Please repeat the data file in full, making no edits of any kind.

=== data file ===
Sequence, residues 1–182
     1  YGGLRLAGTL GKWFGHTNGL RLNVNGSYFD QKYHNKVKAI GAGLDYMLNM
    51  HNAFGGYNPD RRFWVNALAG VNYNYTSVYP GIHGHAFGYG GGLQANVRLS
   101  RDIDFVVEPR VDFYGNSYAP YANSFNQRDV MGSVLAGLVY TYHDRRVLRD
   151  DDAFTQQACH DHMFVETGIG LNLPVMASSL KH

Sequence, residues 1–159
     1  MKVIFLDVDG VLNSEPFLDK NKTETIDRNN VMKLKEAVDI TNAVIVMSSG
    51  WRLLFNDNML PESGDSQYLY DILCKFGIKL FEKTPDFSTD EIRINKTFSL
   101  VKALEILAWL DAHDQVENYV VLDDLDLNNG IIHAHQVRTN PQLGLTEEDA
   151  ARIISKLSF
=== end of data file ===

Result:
Sequence, residues 1–182
     1  YGGLRLAGTL GKWFGHTNGL RLNVNGSYFD QKYHNKVKAI GAGLDYMLNM
    51  HNAFGGYNPD RRFWVNALAG VNYNYTSVYP GIHGHAFGYG GGLQANVRLS
   101  RDIDFVVEPR VDFYGNSYAP YANSFNQRDV MGSVLAGLVY TYHDRRVLRD
   151  DDAFTQQACH DHMFVETGIG LNLPVMASSL KH

Sequence, residues 1–159
     1  MKVIFLDVDG VLNSEPFLDK NKTETIDRNN VMKLKEAVDI TNAVIVMSSG
    51  WRLLFNDNML PESGDSQYLY DILCKFGIKL FEKTPDFSTD EIRINKTFSL
   101  VKALEILAWL DAHDQVENYV VLDDLDLNNG IIHAHQVRTN PQLGLTEEDA
   151  ARIISKLSF